No. 791 April Term, 1978, Appeal from Judgment of the Court of Common Pleas of Allegheny County, Pennsylvania, Civil Division, at No. 1724 January Term, 1974
Thomas W. Trimm, Pittsburgh, for appellant.
David H. Trushel, Pittsburgh, for appellee Vilsack, M.D.
George M. Weis, Pittsburgh, for appellee Divine Providence Hospital, a corporation.
Harry J. Zimmer, Pittsburgh, did not file a brief on behalf of appellees Rueger, M.D. and Clevenger, M.D.
Ronald H. Heck, Pittsburgh, for appellee Friday, M.D.
Bruce R. Martin, Pittsburgh, for appellee Pollice, M.D.
Cercone, Wieand and Hoffman, JJ. Wieand and Hoffman, JJ., concur in the result.
[ 270 Pa. Super. Page 131]
This is an appeal from the order of the Court of Common Pleas of Allegheny County denying appellant's motions for new trial and motion to take off non-suits in wrongful death and survival actions. We affirm the decision of the lower court.
The decedent, Frank Capan, was admitted to Divine Providence Hospital on November 17, 1972 for treatment of a nosebleed. Appellee, Dr. Raimund Rueger, was the first physician to treat Frank. He packed his nose in gauze, prescribed some medication, and had Frank remain in the hospital. On November 19, Frank developed a rapid heartbeat
[ 270 Pa. Super. Page 132]
and was transferred to the Intensive Care Unit. It was during this time that Frank went into delirium tremens, a condition arising due to the lack of alcohol, whereby he became violent and disturbed other patients. The remainder of the appellees, Doctors Friday, Vilsack, Clevenger, Price, and Pollice, treated Frank during this time, and several central nervous system depressants were prescribed in order to calm Frank's symptoms and rapid heartbeat.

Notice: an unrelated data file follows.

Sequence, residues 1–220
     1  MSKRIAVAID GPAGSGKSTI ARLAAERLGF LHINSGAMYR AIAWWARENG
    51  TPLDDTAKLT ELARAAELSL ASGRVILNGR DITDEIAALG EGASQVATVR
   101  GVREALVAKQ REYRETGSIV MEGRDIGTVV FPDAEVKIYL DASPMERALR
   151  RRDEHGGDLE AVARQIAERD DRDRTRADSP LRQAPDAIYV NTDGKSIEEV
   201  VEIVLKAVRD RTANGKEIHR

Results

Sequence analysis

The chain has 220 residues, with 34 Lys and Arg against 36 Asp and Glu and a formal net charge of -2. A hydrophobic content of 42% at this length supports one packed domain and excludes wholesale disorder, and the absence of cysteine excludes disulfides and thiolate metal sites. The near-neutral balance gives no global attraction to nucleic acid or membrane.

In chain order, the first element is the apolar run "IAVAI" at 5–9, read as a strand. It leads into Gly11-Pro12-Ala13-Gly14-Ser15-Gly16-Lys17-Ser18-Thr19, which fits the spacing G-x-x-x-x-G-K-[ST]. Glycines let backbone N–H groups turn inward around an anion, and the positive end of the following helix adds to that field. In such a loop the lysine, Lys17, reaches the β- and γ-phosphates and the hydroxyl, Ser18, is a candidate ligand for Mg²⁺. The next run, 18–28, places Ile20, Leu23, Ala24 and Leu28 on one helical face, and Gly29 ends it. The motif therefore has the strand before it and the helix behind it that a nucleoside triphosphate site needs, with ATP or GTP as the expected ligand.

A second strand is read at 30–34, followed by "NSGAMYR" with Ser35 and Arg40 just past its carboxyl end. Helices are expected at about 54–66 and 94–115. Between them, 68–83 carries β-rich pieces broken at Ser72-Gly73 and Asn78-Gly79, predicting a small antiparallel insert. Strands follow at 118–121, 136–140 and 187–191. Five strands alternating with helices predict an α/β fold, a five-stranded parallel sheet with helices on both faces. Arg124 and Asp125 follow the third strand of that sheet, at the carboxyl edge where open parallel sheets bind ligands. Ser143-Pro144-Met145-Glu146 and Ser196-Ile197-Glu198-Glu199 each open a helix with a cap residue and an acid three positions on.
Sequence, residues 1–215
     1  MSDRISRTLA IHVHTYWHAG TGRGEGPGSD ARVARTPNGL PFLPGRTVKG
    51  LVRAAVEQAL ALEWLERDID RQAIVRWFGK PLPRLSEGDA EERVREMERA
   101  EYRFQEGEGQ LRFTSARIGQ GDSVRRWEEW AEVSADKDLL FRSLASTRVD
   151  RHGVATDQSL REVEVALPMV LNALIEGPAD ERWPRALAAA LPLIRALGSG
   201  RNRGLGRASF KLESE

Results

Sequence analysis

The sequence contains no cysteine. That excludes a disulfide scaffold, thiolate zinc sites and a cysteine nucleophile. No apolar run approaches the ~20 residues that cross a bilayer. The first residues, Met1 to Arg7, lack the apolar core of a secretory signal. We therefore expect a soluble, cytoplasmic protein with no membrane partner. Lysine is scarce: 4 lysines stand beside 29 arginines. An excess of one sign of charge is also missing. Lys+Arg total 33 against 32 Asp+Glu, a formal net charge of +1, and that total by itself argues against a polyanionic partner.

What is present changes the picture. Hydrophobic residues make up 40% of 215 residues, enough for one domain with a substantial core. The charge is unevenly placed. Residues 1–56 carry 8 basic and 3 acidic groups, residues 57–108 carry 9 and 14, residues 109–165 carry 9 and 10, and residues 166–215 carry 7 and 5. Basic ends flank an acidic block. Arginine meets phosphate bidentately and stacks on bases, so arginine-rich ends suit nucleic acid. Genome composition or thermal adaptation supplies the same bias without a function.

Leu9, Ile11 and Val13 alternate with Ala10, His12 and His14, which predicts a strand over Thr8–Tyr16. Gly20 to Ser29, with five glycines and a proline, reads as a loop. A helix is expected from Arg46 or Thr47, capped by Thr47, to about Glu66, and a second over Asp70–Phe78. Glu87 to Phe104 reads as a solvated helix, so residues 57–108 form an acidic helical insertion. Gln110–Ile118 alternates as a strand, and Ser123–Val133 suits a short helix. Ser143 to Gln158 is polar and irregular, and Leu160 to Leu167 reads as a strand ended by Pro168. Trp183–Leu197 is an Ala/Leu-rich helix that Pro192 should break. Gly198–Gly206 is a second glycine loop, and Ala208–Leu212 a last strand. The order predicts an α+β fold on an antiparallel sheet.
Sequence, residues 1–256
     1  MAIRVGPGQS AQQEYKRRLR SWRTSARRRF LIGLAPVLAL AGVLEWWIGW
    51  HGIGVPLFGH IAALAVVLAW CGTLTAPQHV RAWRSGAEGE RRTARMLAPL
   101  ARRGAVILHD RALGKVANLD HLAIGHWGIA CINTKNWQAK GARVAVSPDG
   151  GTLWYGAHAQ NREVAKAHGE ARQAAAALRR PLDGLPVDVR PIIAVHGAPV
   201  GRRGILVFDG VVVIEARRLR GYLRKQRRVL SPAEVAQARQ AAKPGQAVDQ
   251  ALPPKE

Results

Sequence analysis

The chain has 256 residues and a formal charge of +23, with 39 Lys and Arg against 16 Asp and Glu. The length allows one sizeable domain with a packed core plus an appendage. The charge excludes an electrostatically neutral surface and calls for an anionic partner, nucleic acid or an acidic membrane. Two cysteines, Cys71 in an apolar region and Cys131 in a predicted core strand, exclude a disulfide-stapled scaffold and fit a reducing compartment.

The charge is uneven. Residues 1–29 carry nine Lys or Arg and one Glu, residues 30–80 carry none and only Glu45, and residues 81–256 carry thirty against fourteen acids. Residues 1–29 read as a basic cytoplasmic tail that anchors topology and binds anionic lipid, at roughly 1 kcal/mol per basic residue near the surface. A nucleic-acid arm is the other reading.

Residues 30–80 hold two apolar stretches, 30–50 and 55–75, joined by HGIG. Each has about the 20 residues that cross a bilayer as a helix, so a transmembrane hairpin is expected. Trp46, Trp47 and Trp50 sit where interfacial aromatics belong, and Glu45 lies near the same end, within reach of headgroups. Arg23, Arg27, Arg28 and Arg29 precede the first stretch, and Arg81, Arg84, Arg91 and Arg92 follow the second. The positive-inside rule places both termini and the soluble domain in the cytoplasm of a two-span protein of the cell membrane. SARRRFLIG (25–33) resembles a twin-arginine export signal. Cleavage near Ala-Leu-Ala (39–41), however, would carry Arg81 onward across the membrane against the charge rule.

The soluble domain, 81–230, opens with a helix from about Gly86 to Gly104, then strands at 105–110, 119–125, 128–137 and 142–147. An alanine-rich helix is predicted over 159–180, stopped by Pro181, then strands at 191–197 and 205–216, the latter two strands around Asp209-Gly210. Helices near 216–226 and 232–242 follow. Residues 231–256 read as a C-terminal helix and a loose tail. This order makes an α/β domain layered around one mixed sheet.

On November 23, Frank became so boisterous that he was removed from the Intensive Care Unit and placed in his own room. The medical records for this day read that Frank was "again wild, screaming," and that he had a "poor day, combative." Later that day the medical records reflect that Frank became "very combative. Full cloth restraints, . . . belligerent, out of restraints, [and] unable to keep restraints on." During the afternoon of November 23, Dr. Pollice was called to Frank's room to help the nursing staff control him. Dr. Pollice was in the hospital at this time serving as the doctor "on call" to answer any emergencies that occurred in the hospital. Frank was treated with a series of drugs in an attempt to calm his actions. When Dr. Pollice left Frank at approximately 7:00 P.M., he seemed calmer and responding to the medication.
Dr. Pollice left the hospital at 7:40 P.M. and went to his sister's home for Thanksgiving dinner. Shortly after arriving there, he was called back to the hospital where the cardiopulmonary resuscitation team began working on Frank. Dr. Pollice aided in the resuscitation efforts, but Frank was declared dead at approximately 9:30 P.M. The cause of ...